The seemingly innocent observation that the activities of organisms bring about changes in environments is so obvious that it seems an unlikely focus for a new line of thinking about evolution. Yet niche construction--as this process of organism-driven environmental modification is known--has hidden complexities. By transforming biotic and abiotic sources of natural selection in external environments, niche construction generates feedback in evolution on a scale hitherto underestimated--and in a manner that transforms the evolutionary dynamic. It also plays a critical role in ecology, supporting ecosystem engineering and influencing the flow of energy and nutrients through ecosystems. Despite this, niche construction has been given short shrift in theoretical biology, in part because it cannot be fully understood within the framework of standard evolutionary theory.
Wedding evolution and ecology, this book extends evolutionary theory by formally including niche construction and ecological inheritance as additional evolutionary processes. The authors support their historic move with empirical data, theoretical population genetics, and conceptual models. They also describe new research methods capable of testing the theory. They demonstrate how their theory can resolve long-standing problems in ecology, particularly by advancing the sorely needed synthesis of ecology and evolution, and how it offers an evolutionary basis for the human sciences.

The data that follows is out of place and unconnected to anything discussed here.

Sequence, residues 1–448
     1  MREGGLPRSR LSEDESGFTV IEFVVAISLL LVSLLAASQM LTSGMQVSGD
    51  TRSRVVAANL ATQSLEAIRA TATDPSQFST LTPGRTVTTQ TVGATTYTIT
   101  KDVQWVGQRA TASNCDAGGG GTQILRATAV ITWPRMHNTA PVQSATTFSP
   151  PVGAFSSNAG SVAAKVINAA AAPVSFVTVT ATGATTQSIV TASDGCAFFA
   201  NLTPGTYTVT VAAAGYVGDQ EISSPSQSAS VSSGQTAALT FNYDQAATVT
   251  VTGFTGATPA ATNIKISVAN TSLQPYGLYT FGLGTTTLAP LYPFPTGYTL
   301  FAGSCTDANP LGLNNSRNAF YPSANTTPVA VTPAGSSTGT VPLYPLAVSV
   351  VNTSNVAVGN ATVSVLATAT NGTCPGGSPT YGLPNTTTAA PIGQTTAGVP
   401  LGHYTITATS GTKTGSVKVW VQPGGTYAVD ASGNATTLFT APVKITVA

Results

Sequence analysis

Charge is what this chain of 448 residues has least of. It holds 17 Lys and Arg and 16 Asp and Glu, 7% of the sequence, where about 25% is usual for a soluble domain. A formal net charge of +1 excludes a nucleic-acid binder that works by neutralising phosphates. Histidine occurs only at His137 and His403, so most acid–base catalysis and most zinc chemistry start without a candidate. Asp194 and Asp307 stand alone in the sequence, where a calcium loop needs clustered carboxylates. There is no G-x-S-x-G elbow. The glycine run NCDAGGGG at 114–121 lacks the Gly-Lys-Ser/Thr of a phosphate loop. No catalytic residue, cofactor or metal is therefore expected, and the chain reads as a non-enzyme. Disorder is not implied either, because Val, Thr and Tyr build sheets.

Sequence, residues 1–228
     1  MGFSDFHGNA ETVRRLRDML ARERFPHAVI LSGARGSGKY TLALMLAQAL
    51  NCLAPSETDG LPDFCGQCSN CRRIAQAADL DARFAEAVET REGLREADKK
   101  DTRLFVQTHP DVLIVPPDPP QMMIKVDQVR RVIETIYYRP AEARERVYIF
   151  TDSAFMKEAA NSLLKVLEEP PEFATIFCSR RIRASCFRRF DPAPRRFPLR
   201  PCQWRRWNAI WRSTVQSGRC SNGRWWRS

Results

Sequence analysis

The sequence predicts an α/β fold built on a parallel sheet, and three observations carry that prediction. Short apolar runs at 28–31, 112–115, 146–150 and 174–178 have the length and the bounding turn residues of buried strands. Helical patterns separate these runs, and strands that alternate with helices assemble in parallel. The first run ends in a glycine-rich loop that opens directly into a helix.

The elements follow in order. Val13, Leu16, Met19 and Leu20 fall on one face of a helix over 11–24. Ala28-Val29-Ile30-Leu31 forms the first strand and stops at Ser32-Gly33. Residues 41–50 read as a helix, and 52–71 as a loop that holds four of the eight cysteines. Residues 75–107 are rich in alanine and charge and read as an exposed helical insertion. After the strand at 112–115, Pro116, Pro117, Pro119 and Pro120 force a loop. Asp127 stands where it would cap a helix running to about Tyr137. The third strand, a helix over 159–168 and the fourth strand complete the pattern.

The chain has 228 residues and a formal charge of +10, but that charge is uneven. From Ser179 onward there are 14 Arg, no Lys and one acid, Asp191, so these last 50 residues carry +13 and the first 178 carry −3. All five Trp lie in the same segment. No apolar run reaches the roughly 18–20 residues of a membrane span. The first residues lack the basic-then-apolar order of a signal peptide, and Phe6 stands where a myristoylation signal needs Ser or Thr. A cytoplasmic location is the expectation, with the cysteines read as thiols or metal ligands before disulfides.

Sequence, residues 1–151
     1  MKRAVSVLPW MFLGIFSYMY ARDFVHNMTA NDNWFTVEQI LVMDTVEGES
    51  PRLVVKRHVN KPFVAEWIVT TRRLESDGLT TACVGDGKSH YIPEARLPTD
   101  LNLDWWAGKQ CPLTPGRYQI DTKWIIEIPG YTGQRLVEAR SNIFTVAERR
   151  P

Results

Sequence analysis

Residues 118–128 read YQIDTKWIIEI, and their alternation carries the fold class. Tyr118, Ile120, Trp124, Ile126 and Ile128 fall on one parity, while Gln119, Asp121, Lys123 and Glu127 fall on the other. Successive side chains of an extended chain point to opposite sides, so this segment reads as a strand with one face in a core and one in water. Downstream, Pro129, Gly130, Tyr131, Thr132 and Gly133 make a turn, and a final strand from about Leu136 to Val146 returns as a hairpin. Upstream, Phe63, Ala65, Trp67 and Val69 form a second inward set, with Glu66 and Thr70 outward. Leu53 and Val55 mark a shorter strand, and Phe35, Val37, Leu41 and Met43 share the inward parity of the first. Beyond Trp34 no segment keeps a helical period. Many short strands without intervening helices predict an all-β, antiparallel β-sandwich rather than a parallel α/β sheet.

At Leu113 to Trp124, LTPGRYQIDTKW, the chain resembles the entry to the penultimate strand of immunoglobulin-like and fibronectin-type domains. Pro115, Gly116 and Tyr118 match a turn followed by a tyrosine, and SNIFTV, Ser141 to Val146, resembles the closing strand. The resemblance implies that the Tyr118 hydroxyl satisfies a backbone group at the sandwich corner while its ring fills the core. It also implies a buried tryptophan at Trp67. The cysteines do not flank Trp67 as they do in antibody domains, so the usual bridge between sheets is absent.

Already hailed as a pioneering work by some of the world's most influential biologists, this is a rare, potentially field-changing contribution to the biological sciences.
"In Niche Construction, Odling-Smee et al extend the Darwinian approach to provide a systemic framework for thinking about how environments are modified by organisms and the extent to which these constructed environments influence the evolution of other species."--David Krakauer, Times Higher Education Supplement
"Niche construction takes off from standard population genetics theory, but reinvents both the niche and evolutionary theory in ways that require a revolutionary re-thinking of ecological and evolutionary dynamics. . . . A brief review cannot do justice to the excitement that [the authors] generate with their ideas. The relatively simple observation that at least some, if not most organisms modify their environment is shown by [them] to have dramatic consequences for our understanding of evolution by natural selection."--Aaron M. Ellison, Ecology
"A marvelous achievement. . . . [The authors] present a sustained, rigorous, and highly original argument for the extended evolutionary theory they advocate, that blends theoretical, empirical and philosophical considerations in a most impressive way."--Samir Okasha, Biology and Philosophy
"We humans are increasingly aware of the way our activities are altering our environment. We rarely reflect, however, that the entire evolutionary history of life on earth is written essentially in terms of organism' modification of their environment, and responses to the subsequent changes. This book is a wonderful exploration of this strangely neglected topic, opening new vistas on how organisms--including humans--construct ecological niches over evolutionary time. After developing a basic theoretical framework, the authors first indicate applications of these new ideas to evolutionary biology, to ecology, and to the human sciences. They even risk some testable predictions. I think this book is a 'must read.'"--Robert M. May, University of Oxford
Another Princeton book authored or coauthored by Kevin N. Laland:
Another Princeton book authored or coauthored by Marcus W. Feldman: